True love or not, the game must play out, and the fates of everyone involved, from the cast of extraordinary circus per-formers to the patrons, hang in the balance, suspended as precariously as the daring acrobats overhead.

Book Details

Title: The Night CircusThe Night Circus by Erin Morgenstern
Author: Erin Morgenstern
Category: Fiction / Magical Realism
My Rating: 4 Stars

Disclosure: This post contains affiliate links. Thank you for supporting The Deliberate Reader!

Crossing to Safety

Crossing to SafetyCrossing to SafetyCrossing to Safety by Wallace Stegner by Wallace Stegner

Book club’s pick for June, and I would never have read it otherwise. Which would have been a shame, because it was a wonderful book – just not my usual sort, and it took me a bit to get into it and adjust to its style and pacing. It also was a fantastic book for discussing, so there’s another reason to be glad it was the book club choice. If you’ve got a group looking for a book to read together, this is a good one to try!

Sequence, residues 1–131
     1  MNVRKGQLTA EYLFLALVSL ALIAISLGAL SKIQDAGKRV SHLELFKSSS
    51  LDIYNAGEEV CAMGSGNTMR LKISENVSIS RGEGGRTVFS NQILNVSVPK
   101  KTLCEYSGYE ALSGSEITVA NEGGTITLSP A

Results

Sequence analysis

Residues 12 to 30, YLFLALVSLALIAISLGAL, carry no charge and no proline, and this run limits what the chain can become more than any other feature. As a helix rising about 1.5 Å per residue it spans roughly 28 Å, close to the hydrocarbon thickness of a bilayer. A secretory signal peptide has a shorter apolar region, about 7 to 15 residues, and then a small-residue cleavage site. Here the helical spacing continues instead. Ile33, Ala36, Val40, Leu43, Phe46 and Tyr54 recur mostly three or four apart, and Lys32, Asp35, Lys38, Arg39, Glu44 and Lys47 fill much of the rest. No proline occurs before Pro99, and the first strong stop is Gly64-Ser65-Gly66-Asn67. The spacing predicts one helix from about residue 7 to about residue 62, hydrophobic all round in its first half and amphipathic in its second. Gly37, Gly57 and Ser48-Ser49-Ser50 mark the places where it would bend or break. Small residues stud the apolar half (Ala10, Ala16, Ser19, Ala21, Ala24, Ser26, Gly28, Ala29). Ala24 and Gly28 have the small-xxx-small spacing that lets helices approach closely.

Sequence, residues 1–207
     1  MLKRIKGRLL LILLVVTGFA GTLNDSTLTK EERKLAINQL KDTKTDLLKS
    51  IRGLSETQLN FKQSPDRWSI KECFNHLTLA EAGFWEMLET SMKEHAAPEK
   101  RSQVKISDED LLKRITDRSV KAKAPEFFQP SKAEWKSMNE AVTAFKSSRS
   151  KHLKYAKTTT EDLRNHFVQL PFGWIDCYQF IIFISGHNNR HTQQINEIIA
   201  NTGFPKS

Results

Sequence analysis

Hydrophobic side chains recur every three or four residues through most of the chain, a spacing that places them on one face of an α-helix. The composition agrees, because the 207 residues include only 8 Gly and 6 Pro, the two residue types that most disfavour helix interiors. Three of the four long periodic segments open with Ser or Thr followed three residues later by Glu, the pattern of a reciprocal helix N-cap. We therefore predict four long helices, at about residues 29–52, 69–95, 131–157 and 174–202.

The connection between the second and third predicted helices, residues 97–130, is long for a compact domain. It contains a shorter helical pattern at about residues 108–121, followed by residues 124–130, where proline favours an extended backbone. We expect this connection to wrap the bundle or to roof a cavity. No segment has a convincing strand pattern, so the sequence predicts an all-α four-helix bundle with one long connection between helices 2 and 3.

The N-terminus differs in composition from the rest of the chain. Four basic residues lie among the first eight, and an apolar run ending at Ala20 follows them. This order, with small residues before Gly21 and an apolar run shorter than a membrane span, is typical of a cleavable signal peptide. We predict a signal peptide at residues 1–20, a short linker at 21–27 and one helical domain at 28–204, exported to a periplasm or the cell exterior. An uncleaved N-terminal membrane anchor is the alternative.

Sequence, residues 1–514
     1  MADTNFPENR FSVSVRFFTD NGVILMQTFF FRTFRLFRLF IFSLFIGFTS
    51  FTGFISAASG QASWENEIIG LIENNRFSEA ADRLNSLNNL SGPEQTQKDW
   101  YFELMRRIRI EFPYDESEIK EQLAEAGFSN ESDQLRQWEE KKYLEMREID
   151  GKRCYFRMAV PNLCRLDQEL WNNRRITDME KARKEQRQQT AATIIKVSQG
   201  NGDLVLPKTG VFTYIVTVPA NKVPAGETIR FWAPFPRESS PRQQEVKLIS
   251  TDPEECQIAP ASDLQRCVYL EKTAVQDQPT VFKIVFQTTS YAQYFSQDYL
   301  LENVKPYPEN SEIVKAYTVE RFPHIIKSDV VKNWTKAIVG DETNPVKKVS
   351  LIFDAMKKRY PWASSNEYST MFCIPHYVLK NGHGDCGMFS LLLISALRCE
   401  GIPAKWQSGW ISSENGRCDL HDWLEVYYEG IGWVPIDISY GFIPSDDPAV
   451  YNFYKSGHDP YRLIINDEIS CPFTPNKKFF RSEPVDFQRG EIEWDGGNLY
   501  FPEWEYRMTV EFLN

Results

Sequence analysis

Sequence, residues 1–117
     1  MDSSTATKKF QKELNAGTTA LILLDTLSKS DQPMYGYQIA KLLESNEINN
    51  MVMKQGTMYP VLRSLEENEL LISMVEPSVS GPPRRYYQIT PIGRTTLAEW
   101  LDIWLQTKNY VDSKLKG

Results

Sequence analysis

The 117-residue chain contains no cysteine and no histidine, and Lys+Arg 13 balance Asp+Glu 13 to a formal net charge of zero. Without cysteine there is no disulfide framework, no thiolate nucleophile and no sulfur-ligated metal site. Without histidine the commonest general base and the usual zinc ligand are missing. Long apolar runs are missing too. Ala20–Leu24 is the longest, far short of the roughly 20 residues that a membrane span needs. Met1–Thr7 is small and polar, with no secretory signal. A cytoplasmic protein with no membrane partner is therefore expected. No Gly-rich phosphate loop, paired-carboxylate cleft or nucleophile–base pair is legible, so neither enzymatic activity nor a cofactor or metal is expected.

I said it’s not my usual sort, because my fiction reading heavily leans toward genre fiction, not literary fiction. My tastes are not elevated, and most non-genre novels tend to bore me. I want some more action in my plots! While that could easily have been a concern with Stegner’s work, I didn’t find that to be an issue at all. Once I got into the story (past the first chapter), the gentle pacing and descriptive passages pulled me into and along with the story, and I loved the overall feel.

Recommended. It’s a thoughtful and thought-provoking book, and I’m so glad I read it. [Read more…]

The Wizard of Oz

The Wonderful Wizard of OzThe Wonderful Wizard of OzThe Wonderful Wizard of Oz by L. Frank Baum by L. Frank Baum

May’s book club pick, the “young reader” month. This one was selected in honor of the 75th anniversary of the film. Even though we were reading the book, not watching the movie. Although reading the book did make me want to watch the movie – I hadn’t ever seen it all the way through!

I wasn’t really sure what to expect from this one, and ended up enjoying it. I didn’t lovelovelove it, but I might try to read the next in the series and see what else happens in Oz.

After reading the book, I was inspired to watch the movie, and I enjoyed seeing Oz depicted on screen. It was surprising to me how familiar the songs were despite not having seen more than bits and pieces of the film – obviously they’ve seeped into general American culture well enough that I’ve learned them!

Publisher’s Description: